4. I am the worlds worst at accepting rejection or criticism. It is something I struggle with and pray about daily. I tend to get very hurt at the slightest negative remark.

    You are much stronger than I, and I think it is wonderful that you are not letting this indeterminate comment knock the wind out of your sails. Good for you! We’ll see what they have to say when you are on the New York Times best sellers list. ;)

    Much love!

    Lori

    • Softies like us new a “few” extra thick skins we can drape over ourselves, Lori. Rejection, of any kind, never feels good, but it can sharpen us if done correctly. I felt this exemplified incorrect usage of an abstruse a literary term, which is why I shared it, hoping that someone having received the same letter might stumble upon it and have their spirits renewed.

      Ha! Your last bit made me want to jump in the air and high-five.

      Much love to you as well,

      ~ C

  5. :(… but I don’t believe you’re alone. I Googled “uneven prose” and got a few hits on writers forums. Maybe do the same and see if there’s any commonality with your situation. Maybe there’s an epidemic of “uneven prose” we should all be preparing for.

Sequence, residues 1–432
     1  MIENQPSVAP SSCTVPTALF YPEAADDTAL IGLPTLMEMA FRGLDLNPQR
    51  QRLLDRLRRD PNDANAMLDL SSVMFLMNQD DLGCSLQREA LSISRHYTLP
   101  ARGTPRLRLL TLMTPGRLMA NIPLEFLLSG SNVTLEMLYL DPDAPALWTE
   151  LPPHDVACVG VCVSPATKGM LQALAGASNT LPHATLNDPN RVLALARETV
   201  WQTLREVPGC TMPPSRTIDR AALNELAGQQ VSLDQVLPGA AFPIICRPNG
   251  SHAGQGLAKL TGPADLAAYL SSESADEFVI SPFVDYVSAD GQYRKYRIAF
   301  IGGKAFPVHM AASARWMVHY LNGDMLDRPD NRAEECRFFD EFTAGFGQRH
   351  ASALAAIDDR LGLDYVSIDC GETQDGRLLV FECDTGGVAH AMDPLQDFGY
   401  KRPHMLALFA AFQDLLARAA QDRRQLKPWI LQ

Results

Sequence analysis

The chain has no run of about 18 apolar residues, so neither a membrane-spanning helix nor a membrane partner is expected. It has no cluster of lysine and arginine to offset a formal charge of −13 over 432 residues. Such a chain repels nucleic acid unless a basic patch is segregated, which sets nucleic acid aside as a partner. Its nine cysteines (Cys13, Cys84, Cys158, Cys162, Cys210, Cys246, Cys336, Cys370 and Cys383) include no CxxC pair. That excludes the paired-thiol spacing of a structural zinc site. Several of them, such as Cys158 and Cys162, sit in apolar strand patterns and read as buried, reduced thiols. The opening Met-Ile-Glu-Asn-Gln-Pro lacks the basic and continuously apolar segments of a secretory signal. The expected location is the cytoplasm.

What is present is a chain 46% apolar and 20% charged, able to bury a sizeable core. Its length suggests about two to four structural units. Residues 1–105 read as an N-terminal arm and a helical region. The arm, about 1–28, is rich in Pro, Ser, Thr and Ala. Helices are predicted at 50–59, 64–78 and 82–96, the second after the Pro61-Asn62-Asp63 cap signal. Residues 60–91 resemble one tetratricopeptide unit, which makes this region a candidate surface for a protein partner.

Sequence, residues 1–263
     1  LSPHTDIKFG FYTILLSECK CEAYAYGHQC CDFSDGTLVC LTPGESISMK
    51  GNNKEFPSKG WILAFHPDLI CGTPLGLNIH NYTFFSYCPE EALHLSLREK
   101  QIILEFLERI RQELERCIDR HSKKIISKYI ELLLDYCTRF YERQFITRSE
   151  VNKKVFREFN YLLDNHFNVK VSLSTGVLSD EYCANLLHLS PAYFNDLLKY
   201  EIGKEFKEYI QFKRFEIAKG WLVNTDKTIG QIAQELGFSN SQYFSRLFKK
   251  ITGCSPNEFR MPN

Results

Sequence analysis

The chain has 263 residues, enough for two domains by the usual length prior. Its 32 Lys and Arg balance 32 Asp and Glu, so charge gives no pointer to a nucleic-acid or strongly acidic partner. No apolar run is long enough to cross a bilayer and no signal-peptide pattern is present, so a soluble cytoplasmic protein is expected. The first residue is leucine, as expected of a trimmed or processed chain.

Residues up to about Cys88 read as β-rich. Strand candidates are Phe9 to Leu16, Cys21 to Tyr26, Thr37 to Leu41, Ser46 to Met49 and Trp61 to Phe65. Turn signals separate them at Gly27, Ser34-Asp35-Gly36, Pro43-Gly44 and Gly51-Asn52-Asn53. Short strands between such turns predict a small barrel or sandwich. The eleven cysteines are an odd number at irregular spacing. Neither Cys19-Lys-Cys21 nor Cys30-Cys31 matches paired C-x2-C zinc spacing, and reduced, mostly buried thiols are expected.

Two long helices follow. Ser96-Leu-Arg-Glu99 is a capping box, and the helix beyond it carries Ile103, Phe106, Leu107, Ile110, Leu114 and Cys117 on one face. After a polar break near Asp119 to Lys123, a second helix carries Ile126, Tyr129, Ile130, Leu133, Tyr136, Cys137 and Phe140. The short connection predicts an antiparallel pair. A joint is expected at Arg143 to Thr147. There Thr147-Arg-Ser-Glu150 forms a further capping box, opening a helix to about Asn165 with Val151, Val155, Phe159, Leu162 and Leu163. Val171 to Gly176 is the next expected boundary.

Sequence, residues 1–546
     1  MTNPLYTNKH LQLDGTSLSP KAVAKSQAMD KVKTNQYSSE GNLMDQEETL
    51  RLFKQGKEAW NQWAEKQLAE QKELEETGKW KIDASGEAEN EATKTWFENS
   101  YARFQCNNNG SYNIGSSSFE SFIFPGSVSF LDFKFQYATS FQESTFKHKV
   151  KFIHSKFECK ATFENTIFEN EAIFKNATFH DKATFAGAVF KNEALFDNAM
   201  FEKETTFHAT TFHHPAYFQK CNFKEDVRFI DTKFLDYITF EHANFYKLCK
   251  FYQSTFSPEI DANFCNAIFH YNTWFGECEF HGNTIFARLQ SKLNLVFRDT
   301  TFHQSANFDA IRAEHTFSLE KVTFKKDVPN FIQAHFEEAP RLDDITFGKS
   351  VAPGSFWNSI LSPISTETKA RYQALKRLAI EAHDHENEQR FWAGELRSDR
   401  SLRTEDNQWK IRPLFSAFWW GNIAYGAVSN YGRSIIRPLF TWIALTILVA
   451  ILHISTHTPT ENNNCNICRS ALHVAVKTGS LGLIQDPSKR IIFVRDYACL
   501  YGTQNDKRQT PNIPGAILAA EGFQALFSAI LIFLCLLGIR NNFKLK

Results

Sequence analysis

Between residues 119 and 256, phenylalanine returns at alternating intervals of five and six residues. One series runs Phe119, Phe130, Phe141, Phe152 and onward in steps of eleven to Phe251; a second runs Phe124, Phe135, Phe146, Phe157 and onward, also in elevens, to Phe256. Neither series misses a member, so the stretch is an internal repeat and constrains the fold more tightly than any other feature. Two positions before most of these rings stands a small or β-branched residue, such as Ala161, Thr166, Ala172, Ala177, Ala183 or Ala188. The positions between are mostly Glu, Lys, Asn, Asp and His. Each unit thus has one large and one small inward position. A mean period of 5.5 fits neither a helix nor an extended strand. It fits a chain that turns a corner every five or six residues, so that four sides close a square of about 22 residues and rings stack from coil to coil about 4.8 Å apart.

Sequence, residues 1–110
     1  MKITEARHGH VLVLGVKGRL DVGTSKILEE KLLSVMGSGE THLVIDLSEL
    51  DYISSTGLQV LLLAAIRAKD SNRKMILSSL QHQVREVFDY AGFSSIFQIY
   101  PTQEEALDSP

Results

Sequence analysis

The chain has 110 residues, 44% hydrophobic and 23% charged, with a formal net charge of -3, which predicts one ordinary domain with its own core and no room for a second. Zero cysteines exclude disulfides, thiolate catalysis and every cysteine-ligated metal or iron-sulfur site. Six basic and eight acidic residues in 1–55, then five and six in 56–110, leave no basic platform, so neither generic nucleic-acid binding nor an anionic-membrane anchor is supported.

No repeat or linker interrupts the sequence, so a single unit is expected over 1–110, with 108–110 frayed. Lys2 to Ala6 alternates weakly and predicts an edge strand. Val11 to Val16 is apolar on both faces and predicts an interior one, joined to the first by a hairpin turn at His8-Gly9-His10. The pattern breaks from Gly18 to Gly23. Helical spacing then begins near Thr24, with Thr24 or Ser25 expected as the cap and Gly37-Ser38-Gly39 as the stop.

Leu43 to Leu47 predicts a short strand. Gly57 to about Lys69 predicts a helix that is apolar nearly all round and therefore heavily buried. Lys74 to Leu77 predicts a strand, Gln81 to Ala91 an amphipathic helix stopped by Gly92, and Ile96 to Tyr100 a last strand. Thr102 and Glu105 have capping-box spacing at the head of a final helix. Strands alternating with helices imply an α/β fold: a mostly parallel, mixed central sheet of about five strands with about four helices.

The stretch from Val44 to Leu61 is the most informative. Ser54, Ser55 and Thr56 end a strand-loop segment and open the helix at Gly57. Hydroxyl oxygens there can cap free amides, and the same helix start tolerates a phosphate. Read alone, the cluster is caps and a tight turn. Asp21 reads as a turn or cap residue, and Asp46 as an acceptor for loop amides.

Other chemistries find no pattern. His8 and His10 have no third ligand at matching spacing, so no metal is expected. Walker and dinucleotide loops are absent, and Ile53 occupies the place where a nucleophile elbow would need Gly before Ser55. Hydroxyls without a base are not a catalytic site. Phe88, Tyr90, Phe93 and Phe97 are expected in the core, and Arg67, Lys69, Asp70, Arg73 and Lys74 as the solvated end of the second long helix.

• Yes, that actually is exactly what I did. I went straight to Google and was met with a plethora of likeminded, confused individuals, who, after receiving the form-letter had no clue what to make of uneven prose. After reading through a couple dozen, I made my own interoperation of what I believe it to mean; but who knows, I could be way off.

      The Armageddon of uneven prose, you say? Hm, sounds like it could be punctuated with many misunderstandings. *wink wink*

      ~ Cara

  6. Oh Cara, how I have faced much rejection in my past years! And although when younger, I felt I must heed every word of criticism and critique, I discovered many years ago to sift through the opinions and advice and apply only what truly gave my wings flight. The rest remains background noise.
    You are a true professional. Gracious and modest in your response to this rejection. This is the editor/agents loss. They will be kicking themselves when your book hits number one on the New York Times best sellers list!

    • Karista,